Food - News

Coffee Mate Was Banned In Some Countries For Having This Ingredient
By HOLLY RIDDLE
Countries like Austria, Hungary, Norway, Denmark, and Iceland, have banned Coffee Mate for one of its key ingredients — hydrogenated oil. It’s because trans fat — a type of fat typically found in hydrogenated oils — is responsible for raising bad cholesterol while lowering good cholesterol, thereby increasing your risk of heart disease, diabetes, heart attack, and stroke.
In 2019, the European Commission passed legislation that limited trans fats in processed foods to 2%. However, in the U.S., a product can be legally labeled as trans-fat-free if the serving size of it contains 0.5 grams of trans fat or less — and since Nestle’s intended serving size is 1 tablespoon, the brand gets away with listing "trans fat" as 0 grams on the creamer’s label.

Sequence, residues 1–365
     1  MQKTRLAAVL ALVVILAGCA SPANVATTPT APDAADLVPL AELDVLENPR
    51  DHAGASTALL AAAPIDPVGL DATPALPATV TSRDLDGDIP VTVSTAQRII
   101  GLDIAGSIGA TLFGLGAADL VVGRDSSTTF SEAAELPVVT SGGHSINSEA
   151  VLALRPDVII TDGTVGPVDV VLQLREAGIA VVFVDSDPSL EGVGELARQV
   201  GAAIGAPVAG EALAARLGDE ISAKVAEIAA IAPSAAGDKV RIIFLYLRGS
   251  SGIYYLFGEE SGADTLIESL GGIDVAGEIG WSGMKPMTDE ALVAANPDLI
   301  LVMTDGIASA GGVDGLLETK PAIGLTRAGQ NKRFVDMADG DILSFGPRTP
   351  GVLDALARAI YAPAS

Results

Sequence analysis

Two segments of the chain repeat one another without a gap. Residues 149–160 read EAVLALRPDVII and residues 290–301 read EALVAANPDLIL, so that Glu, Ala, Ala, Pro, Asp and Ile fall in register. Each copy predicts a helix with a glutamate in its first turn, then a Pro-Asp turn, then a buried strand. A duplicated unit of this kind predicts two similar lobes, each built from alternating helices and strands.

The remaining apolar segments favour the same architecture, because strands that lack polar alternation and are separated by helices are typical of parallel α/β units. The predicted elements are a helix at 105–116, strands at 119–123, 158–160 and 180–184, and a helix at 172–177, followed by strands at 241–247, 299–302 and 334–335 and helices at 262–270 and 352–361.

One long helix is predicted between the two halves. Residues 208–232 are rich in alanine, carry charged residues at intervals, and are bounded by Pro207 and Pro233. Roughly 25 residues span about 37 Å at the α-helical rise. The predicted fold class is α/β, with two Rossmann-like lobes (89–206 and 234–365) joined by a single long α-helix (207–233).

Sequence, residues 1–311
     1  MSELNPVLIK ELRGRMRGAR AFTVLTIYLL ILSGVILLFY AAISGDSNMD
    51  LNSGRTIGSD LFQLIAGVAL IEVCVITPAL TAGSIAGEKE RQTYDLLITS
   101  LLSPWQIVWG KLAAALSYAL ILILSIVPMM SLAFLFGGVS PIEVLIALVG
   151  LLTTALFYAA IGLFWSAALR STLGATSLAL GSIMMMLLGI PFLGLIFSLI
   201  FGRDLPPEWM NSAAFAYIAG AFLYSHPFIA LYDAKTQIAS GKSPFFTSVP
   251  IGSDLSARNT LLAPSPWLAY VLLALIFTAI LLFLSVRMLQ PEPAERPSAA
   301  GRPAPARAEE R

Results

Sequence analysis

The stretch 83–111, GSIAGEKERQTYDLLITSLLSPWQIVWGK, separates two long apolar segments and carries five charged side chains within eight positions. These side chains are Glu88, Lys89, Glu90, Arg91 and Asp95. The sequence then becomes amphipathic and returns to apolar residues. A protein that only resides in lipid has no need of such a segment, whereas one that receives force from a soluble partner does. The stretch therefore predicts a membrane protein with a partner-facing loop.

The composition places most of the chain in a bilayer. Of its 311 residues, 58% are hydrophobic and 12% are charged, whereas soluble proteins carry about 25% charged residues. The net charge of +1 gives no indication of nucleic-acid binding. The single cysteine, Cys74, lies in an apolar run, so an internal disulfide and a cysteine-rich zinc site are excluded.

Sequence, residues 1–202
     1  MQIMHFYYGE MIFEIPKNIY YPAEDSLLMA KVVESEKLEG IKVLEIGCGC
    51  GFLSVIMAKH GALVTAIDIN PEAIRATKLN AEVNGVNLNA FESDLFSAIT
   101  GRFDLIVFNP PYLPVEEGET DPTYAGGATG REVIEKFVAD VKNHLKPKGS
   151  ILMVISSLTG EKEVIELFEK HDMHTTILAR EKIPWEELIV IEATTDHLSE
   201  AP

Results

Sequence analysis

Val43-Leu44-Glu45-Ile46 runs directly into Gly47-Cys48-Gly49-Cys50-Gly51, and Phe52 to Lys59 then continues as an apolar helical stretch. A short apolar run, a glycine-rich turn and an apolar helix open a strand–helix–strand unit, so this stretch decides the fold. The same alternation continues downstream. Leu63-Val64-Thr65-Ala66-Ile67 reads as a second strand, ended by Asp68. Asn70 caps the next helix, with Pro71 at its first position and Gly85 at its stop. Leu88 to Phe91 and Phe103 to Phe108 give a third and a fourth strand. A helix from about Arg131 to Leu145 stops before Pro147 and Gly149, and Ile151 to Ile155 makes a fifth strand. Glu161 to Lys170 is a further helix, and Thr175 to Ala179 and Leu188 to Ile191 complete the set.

In reality, hydrogenated vegetable oil is the second ingredient in Coffee Mate's original powdered creamer. Fortunately, for those who want to avoid trans fat but don’t want to give up on the coffee creamer, Coffee Mate offers a few legitimately trans-fat-free products, including its original liquid creamer, which is made with coconut oil.

Read More

Coffee Mate Creamers, Ranked Worst To Best
Types Of Coffee, Explained
Coffee Mistakes You're Probably Making At Home